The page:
Who will you involve? Especially if you’re doing a photovoice project, you’ll want to cooperate with other groups and organizations so that your photos and stories get wide coverage. Mt. Druitt Indigenous Church near Sydney, Australia partnered with community counseling and development organizations to do a photovoice project with the church’s Celebrate Recovery group.


Now that you know who will take photos or video, gather them to explain the exercise. Maybe everyone in your group has a camera, VCR or a phone with a camera. If not, then issue disposable cameras or lend out better cameras. Explain the process and timeline for getting images printed or uploaded. Choose your next meeting time.

At the next meeting, you’ll discuss images or footage. In visual sociology research, photo elicitation most often involves one-on-one conversations between the researcher and photographer. However, you can do this as a group. When the First Presbyterian youth group in Montrose, Colorado, photographed where they experienced God, they uploaded pictures and comments to their closed Facebook group. They discussed their photos when they met again.

Especially meeting for photovoice projects, Williams suggested asking people to submit their photos ahead of time so they can be shown on a screen. “Start by having people share their images in groups of twos or threes, which prepares them for sharing with the larger group,” he said.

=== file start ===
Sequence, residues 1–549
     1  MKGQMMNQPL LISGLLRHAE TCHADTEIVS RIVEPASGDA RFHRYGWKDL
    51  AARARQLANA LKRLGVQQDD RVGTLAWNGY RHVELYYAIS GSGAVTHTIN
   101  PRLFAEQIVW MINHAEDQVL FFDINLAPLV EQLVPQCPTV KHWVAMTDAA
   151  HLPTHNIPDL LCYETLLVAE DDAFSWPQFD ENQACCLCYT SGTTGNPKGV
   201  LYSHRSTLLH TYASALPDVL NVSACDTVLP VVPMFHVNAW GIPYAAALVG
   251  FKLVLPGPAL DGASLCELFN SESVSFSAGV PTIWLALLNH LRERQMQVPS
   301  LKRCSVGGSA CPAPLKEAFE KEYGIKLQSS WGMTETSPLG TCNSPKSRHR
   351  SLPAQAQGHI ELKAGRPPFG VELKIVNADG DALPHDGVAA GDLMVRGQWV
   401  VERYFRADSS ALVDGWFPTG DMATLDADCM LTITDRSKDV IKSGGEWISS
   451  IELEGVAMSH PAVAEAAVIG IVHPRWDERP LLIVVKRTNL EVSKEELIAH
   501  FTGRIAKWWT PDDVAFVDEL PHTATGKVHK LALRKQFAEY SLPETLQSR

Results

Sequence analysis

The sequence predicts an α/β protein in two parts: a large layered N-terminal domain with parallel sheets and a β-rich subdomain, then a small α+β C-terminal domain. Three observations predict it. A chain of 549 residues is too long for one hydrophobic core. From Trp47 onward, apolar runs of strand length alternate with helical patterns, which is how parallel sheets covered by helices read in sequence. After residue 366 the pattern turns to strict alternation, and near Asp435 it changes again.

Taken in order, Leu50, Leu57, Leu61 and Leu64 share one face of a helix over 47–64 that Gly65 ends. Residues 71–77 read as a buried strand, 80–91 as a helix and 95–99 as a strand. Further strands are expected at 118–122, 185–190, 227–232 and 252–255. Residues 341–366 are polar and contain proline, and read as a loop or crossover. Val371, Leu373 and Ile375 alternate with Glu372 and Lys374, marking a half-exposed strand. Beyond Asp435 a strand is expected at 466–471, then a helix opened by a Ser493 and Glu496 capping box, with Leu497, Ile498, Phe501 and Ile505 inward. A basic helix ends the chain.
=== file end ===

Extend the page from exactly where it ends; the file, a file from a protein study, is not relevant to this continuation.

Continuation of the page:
Ask photographers to explain not only what’s visible in the photo but what it means. What’s the story behind the story? What’s happening? Who or what is missing? How does it relate to our lives? Why does this strength or concern exist—and what should we do about it? It also helps to ask whether there’s something else the person would have liked to photograph.

Photo elicitation projects are usually completed in two meetings. Photovoice projects take longer. You might need another round of photography so you can tell a better story to the people whose minds you want to change. As a group, you’ll want to choose which photos to enlarge and how to caption them so viewers get a sense of their meaning.


“A photo is only worth a thousand words if you ask them specifically about it. Photos are shorthand generalizations of experience. You’re not just showing photos. You want to draw people into a conversation,” Williams said in his workshop. Photos can start conversations whether you show them on your church website, in your church building, in worship or in public venues.

Jeanne Motley, worship coordinator at Montrose First Pres, hopes her congregation will do another project that displays photos on a bulletin board “or in ‘big church.’” You might use images and brief captions before congregational prayer or during the children’s message, confession, singing, offering, sermon or sending.